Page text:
Millions of active duty and reserve soldiers stand up for our freedom in the United States of America; when a soldier dies in their service, they leave behind more than just the legacy of this protection.
In the early 20th century, families of service members began to hang military service flags near their front windows for their loved ones in the war. Every blue star represented a living service member, and the gold stars represented those who had died. The last Sunday of September is dedicated to Gold Star Families to recognize and honor their loss.
American Gold Star Mothers, Inc. was founded in 1928; 25 mothers of fallen sons in Washington D.C. obtained a federal charter for the organization and soon began to expand across the nation. The group was started by grieving mother Grace Darling Seibold, whose son George died at the age of 23 while serving in World War I. Seibold was struck with purpose to not only give and seek comfort from fellow mothers, but also to care for hospitalized veterans who were recovering far from home. On June 23rd, 1936, Congress officially created the annual observance of Gold Star Mother’s Day.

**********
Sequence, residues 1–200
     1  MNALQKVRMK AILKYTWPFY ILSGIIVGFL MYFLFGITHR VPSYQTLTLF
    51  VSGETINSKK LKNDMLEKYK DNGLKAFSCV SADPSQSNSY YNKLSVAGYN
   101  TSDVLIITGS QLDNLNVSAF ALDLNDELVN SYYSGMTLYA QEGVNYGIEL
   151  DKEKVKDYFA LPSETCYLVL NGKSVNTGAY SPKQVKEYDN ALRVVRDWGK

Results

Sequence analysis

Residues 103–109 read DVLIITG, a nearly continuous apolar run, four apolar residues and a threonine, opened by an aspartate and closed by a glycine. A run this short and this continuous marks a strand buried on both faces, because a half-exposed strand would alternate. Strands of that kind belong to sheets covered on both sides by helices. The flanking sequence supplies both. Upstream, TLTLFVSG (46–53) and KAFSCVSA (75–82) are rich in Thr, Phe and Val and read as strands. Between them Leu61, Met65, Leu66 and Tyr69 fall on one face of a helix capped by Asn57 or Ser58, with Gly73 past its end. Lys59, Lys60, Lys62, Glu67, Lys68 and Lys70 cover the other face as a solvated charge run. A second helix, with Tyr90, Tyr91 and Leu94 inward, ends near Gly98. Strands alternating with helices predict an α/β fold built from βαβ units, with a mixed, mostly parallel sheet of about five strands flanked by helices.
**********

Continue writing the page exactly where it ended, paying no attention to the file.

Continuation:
Gold Star Mothers remains active and organizes events centering around Gold Star Mother’s Day each year. They welcome anyone who qualifies as a Gold Star Mother as a member. They’re located on a 23-acre Manor in Long Beach, California. It provides a home for members and features apartment buildings, a library, arts and crafts buildings, and more.
To learn about Gold Star Mothers, visit: https://www.goldstarmoms.com/
New Jersey celebrates the last Sunday of September as “Parents of Fallen Military Sons and Daughters Day.” This includes fathers and additional parents to children who have died in war. On September 30th, 2012, President Barack Obama issued a presidential proclamation commemorating the date as “Gold Star Mother’s and Family’s Day.”
“I call upon all Government officials to display the flag of the United States over Government buildings on this special day. I also encourage the American people to display the flag and hold appropriate ceremonies as a public expression of our Nation’s gratitude and respect for our Gold Star Mothers and Families,” he said.
Gold Star Families have suffered an incredible loss, and yet many of them go on to help and uplift others like them. Today, their flag will be flown nationwide. America acknowledges and respects the commitment they have made to this country, and values the sacrifice.